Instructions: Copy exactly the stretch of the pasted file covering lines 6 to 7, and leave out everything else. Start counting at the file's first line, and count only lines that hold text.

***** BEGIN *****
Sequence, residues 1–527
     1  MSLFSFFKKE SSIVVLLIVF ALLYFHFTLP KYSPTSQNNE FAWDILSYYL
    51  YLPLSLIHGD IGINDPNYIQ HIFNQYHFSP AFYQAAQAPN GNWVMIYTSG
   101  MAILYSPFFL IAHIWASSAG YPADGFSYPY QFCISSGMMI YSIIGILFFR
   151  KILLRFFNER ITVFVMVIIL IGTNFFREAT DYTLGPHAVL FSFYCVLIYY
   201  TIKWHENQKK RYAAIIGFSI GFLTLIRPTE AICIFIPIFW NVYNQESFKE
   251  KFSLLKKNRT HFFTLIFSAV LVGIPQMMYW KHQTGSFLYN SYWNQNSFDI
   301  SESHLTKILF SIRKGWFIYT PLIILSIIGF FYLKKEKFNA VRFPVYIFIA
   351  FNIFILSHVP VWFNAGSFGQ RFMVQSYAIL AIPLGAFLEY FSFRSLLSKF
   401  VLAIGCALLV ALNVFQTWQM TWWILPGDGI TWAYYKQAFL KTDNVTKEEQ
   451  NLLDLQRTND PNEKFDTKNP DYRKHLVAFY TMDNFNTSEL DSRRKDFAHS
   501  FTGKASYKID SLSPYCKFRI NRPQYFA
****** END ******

   201  TIKWHENQKK RYAAIIGFSI GFLTLIRPTE AICIFIPIFW NVYNQESFKE
   251  KFSLLKKNRT HFFTLIFSAV LVGIPQMMYW KHQTGSFLYN SYWNQNSFDI